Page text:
10 Strategic Human Resource Planning for Academic Libraries
Human resource strategies need to consider talent acquisition for skills, profes-
sional development for increasing institution knowledge in order to compensate for
changes, performance management for driving a level of competence forward, not
to mention the traditional aspects of human resource management, such as compen-
sation, benefit administration, and employee relations. Much of these traditional ser-
vices will continue to be driven centrally by a campus human resources department,
but much of the strategic intelligence part will reside with the hiring organization and
its strategic view of talent, performance, and development.
A common term used to describe or demonstrate value within a library environ-
ment lately has been ROI. As a business term, “return on investment” means those
investors and others who provide support or investment into the business, are due a
return or an evaluation of their efforts. In addition, ROI can be a measure of efficiency
from the actions or use of “that which was procured.” So in today’s academic library,
all parts of the university are being held accountable and must demonstrate measur-
able results of value to continue to expect funding to continue (Kaufman, 2008). The
library is no exception and the personnel side of the equation can be significant since
it is one of the largest expenses to the operation. Demonstrating ROI on the human
capital can be critical.
1.8 The balance scorecard
Business and industry have utilized a Balance Scorecard approach to strategic plan-
ning for many years. The idea with this system is to provide measurements to what is
being managed. The balanced scorecard is a strategic planning and system, to align
business activities to the vision and strategy of the organization, improve internal and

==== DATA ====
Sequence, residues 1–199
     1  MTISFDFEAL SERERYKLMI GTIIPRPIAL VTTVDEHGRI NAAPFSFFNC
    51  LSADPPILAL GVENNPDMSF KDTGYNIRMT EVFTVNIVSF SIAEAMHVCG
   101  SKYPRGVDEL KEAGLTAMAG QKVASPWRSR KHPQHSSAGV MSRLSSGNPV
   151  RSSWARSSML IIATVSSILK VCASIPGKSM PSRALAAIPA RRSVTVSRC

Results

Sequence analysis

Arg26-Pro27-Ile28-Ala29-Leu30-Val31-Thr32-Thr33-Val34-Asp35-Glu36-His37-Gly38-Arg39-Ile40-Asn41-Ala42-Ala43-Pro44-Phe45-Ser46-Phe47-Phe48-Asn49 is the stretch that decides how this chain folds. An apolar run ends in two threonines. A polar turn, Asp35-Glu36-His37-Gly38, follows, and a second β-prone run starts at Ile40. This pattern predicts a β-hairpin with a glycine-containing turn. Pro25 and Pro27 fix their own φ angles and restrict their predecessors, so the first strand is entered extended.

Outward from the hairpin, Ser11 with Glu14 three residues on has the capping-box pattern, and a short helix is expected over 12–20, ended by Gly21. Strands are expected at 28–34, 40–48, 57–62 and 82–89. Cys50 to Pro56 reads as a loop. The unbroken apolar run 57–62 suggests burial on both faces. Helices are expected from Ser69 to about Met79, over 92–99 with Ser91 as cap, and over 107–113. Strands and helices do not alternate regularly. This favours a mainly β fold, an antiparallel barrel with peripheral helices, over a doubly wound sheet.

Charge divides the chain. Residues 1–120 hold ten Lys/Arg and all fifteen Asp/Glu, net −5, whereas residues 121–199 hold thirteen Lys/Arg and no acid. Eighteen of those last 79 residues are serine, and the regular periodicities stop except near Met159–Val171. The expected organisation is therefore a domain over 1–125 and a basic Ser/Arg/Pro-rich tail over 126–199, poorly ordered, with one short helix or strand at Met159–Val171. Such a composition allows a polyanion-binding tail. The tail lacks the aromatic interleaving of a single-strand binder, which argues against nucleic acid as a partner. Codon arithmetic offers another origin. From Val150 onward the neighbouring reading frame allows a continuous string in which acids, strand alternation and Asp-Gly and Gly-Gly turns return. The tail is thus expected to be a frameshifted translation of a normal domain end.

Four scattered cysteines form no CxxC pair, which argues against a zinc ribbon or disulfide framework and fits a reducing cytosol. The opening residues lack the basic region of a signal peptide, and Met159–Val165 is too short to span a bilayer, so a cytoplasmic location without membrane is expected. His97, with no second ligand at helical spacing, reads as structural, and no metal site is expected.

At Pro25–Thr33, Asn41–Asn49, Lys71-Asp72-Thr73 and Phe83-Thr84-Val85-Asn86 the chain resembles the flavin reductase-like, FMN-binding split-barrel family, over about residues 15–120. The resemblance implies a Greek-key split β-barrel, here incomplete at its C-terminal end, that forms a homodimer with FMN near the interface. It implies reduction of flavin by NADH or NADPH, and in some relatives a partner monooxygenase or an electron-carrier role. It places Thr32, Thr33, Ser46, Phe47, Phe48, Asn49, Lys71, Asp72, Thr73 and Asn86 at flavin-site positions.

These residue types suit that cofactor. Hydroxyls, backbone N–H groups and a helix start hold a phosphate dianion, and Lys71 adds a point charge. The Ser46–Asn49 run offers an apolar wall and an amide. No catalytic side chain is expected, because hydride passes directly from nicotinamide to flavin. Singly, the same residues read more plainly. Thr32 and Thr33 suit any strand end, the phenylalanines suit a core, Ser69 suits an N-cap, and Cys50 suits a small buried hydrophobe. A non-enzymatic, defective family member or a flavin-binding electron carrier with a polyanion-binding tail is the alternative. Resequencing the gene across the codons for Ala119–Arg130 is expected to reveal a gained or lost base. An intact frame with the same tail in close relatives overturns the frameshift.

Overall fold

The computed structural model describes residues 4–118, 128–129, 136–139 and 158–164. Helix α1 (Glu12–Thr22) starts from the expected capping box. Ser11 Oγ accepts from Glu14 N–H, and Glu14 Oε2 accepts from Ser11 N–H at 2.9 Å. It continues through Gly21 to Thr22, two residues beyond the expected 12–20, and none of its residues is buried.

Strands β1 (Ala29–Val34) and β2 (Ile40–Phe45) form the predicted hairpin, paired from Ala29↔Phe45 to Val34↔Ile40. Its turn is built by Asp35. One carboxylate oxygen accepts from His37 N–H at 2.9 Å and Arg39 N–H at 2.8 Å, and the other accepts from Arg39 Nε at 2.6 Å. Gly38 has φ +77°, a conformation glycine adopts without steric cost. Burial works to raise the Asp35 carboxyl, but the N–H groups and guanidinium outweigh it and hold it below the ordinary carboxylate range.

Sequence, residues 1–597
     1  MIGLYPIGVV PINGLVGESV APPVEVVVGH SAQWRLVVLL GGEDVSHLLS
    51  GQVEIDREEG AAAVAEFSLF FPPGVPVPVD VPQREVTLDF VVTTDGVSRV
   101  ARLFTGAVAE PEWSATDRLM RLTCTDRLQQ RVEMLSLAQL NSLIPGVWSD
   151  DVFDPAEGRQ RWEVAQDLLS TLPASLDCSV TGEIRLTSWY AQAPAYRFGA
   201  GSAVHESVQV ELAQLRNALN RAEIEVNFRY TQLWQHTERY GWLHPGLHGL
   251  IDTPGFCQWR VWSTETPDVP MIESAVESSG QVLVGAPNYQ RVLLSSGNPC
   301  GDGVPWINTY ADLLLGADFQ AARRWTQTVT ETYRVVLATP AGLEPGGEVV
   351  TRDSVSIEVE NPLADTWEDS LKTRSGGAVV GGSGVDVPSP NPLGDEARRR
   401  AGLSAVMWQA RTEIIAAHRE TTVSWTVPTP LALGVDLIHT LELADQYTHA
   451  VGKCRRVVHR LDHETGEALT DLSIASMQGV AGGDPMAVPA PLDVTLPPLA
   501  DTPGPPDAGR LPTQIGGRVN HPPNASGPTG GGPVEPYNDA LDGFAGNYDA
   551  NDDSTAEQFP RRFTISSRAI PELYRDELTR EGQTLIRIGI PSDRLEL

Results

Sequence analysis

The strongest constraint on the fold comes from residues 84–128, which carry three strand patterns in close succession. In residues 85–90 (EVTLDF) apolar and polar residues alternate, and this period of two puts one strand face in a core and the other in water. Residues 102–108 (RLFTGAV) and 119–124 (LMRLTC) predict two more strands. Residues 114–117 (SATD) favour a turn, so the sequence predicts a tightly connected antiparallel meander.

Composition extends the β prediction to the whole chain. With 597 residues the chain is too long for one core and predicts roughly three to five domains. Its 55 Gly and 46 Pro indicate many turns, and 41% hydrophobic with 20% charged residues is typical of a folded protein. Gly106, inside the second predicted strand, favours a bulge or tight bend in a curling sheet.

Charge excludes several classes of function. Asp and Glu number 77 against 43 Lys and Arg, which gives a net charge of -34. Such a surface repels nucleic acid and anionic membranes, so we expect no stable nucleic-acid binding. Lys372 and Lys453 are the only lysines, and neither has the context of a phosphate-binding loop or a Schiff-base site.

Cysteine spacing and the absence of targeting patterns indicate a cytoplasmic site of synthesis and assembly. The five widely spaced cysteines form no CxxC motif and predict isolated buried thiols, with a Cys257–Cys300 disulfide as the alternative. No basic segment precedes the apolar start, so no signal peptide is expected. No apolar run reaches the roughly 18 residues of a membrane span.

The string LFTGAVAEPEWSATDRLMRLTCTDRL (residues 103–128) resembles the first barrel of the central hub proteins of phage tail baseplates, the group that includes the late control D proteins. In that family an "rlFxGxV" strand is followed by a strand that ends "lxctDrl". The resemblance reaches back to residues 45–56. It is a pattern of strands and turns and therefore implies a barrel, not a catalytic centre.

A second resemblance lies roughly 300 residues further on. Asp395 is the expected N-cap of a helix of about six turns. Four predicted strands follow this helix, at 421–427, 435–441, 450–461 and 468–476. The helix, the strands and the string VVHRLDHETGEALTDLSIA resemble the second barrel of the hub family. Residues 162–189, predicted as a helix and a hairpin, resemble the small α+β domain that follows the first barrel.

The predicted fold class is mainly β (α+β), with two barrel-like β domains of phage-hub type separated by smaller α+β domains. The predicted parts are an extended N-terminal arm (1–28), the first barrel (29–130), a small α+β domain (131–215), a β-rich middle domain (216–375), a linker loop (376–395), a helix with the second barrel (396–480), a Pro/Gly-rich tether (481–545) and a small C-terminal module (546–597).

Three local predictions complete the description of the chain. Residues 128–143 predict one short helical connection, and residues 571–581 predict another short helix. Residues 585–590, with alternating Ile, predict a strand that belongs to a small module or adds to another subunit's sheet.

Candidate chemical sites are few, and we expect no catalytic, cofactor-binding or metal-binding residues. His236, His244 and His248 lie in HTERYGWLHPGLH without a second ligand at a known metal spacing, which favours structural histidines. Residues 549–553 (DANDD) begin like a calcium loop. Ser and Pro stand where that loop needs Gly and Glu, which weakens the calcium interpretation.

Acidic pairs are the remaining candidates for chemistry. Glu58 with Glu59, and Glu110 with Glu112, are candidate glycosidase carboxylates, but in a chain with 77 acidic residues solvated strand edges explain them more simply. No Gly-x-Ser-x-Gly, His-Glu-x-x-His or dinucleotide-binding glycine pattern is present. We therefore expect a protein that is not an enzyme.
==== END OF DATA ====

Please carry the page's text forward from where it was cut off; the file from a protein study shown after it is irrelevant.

external communications, and monitor organization performance against strategic
goals. Its use has extended beyond being only a business application but now includes
government and nonprofit organizations worldwide.
The balanced scorecard approach is utilized to implement an organization’s strate-
gic plan from a concept to directives and action items for the organization to adopt on
a daily basis. It provides a framework that not only provides performance measure-
ments but also helps planners identify what should be done and measured. It enables
administrators to truly execute their strategies. This concept recognizes the shift in the
role of the organization’s employees and how they contribute differently in the infor-
mation age (Kaplan and Norton, 1996). This requires a reskilling of employee skills
so that their intellect and creativity can be useful to achieve organizational objectives.
The original basic scorecard asks administrators to view the organization from a
variety of perspectives built around four basic premises (Kaplan and Norton, 1996):
How do we look to shareholders (the financial perspective, including such familiar measures
as ROI, revenue, net income, and cash flow)?
How do our customers see us (the customer service perspective, including measures of cus-
What must we excel at (the internal process perspective, focusing on performance measures)?
Can we continue to improve in creating value (the staff development and learning perspec-
tive, focusing on knowledge creation and innovation; Kaplan and Norton, 1996)?
Strategic intelligence in today’s environment 11
Consideration should be given to this approach as over the years since the initial
development, the balanced scorecard method for developing strategic plans have
begun to be used in nonprofit and educational organizations. Michelle Reid identi-
fied some of the benefits for academic libraries who could choose to use this method
justification for increased funding;
building stakeholder awareness and demonstrate accountability;
provide metrics that align and support the library’s role on campus;
support assessment and accreditation activities;
provide framework for development for internal standards and ethical issues; and
increase productivity and effectiveness of staffing.
As a strategic intelligence component, use of balanced scorecard methods can
demonstrate an organization’s recognition that changes are coming and the need to
strategically modify current operations and services is mandatory. Figure 1.1 shows
how these changes can be reflected in a balanced scorecard set of perspectives for an
The literature has multiple examples of the use of the balanced scorecard, including
a program through the ARL.
Figure 1.1 Balanced score card.